Judicial interventions in the recent past have ensured equal rights are accorded to both men and women at religious institutions. The Haji Ali Trust that manages the Haji Ali Dargah located off the Mumbai coast on Monday agreed in front of Supreme Court that it will allow women to access the innermost sanctum sanctorum of the shrine.
The move is a major victory for equal rights campaigners. Equal rights has been a contentious issue in India and one that has been boiling in public discourse for many decades.
Apart from the Haji Ali Dargah case, another progressive step was taken recently when a High Court scrapped the restrictions for women to enter the sanctum sanctorum of the Shani Shingnapur temple in Nashik. Such decisions give confidence and set a precedent for other cases to follow where equal rights is the core issue. Religious laws and rules have often overridden democratic principles in the country. But, the judiciary is acting to ensure that the status quo shifts to a balanced position from the current patriarchal and gender-biased religious practices.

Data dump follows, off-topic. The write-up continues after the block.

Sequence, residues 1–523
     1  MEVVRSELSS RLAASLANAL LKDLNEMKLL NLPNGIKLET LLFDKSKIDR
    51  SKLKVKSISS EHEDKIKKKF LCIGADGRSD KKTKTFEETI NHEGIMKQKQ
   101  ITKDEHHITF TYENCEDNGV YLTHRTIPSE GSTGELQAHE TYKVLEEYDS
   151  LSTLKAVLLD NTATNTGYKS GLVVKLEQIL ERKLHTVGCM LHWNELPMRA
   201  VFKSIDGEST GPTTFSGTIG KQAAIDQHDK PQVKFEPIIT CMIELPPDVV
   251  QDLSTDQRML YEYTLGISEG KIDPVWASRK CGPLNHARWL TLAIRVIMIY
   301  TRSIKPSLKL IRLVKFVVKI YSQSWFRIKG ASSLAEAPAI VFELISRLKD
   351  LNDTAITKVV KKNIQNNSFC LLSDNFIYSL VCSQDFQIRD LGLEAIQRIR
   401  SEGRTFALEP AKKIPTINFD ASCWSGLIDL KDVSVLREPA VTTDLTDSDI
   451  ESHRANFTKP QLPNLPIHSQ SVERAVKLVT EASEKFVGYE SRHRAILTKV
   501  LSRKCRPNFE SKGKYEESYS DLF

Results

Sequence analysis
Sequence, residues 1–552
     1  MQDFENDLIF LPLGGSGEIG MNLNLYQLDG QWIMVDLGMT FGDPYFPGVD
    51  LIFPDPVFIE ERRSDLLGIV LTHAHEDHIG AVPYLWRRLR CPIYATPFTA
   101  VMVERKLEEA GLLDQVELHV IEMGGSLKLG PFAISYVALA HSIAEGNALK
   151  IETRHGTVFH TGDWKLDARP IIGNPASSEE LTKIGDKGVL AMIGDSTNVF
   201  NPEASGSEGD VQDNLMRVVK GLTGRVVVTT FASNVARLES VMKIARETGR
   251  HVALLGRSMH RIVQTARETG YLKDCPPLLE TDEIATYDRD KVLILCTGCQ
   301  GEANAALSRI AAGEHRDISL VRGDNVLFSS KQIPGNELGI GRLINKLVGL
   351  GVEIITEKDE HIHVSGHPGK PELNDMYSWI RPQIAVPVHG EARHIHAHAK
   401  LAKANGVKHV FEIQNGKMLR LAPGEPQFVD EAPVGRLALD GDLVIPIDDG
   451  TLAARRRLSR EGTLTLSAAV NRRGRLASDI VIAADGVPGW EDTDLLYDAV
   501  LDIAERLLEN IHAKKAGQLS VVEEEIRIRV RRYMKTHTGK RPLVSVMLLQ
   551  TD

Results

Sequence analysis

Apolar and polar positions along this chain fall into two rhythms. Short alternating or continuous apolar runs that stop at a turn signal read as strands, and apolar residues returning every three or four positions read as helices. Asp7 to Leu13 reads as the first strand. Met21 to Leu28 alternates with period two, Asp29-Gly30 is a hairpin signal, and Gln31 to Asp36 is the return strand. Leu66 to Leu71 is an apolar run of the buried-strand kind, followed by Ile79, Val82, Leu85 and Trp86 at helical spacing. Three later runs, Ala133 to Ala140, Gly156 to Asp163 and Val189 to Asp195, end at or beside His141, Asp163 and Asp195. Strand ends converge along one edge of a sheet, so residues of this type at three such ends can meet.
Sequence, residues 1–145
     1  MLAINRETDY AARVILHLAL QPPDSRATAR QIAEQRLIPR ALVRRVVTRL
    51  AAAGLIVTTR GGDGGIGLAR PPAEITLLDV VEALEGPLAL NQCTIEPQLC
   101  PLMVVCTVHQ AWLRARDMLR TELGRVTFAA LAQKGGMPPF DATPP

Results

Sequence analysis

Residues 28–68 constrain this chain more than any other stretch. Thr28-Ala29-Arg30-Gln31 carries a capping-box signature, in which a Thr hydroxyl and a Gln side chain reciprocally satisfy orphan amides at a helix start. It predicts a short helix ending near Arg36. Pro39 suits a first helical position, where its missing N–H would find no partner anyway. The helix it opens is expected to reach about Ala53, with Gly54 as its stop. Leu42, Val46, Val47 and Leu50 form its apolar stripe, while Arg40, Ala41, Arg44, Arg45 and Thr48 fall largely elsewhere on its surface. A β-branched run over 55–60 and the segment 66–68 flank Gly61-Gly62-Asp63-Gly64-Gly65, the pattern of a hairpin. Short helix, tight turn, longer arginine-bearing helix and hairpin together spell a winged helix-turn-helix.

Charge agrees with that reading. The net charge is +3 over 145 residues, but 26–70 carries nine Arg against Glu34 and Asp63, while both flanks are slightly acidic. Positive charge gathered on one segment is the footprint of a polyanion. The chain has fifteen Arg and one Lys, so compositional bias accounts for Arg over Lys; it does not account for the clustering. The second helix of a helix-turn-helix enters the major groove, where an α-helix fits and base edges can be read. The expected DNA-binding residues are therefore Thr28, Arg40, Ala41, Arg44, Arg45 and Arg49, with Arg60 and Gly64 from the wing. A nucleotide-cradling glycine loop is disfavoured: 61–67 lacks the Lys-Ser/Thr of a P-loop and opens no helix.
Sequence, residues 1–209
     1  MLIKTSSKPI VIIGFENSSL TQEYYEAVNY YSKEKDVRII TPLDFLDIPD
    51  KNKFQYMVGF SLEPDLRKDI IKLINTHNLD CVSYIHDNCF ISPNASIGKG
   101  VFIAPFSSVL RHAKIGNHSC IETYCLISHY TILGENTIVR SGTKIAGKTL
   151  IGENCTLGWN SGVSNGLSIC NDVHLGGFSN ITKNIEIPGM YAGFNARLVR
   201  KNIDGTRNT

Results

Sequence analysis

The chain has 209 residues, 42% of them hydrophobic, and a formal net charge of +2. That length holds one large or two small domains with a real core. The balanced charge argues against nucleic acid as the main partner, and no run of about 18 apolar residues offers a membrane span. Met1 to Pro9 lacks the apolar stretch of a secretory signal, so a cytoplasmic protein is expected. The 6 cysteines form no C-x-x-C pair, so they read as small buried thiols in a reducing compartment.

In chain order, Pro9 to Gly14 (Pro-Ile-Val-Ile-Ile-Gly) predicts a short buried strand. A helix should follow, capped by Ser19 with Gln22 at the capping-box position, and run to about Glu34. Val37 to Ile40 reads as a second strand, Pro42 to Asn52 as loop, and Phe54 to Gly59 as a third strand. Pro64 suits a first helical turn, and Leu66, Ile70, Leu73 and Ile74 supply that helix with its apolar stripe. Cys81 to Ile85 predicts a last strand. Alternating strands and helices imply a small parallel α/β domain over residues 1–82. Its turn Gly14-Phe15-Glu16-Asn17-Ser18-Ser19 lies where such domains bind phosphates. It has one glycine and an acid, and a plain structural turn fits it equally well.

The trust argued that the Islamic scriptures believe in equal rights for men and women but the ban was imposed because it was a grave sin for women to be near the shrine of a revered saint. The court, however, rightly dismissed such arguments. Finally, the trust has now agreed to allow women access from a separate entry seeking time of four weeks to make the necessary changes in the structure of the building.
Similarly, there are various reasons cited at Hindu temples for banning women like caste, class, gender, blocking entry during menstruation et al. Thousands of women are persecuted across the country for objecting to such practices and it needs to end. Judicial intervention is a concrete solution to end such orthodox practices and one that is relievingly being taken at the highest level at the Supreme Court.
The debate on triple talaq has also boiled down to what it is – a rights issue and not a religious issue. So, these are welcome decisions for the court’s to hear such matters with and delivering swift results that benefit the society. Equal rights in a house of worship is a fundamental right that has been suppressed for centuries due to male chauvinism and that needs to stop regardless of the place of worship – a dargah or a temple or any other place.
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